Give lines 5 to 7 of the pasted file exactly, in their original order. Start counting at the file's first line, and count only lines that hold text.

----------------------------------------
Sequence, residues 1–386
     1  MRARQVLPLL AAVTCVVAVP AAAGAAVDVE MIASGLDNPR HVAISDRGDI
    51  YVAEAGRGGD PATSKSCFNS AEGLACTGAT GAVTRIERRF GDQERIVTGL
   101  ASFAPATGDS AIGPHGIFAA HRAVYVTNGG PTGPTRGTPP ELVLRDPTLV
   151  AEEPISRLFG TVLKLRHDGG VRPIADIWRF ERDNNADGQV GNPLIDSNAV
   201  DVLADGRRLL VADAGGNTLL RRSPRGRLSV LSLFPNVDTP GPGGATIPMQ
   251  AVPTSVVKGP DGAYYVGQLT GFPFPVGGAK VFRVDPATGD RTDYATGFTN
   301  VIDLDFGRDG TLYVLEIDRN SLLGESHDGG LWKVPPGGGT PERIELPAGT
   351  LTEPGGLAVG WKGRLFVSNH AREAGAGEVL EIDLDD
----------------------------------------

   151  AEEPISRLFG TVLKLRHDGG VRPIADIWRF ERDNNADGQV GNPLIDSNAV
   201  DVLADGRRLL VADAGGNTLL RRSPRGRLSV LSLFPNVDTP GPGGATIPMQ
   251  AVPTSVVKGP DGAYYVGQLT GFPFPVGGAK VFRVDPATGD RTDYATGFTN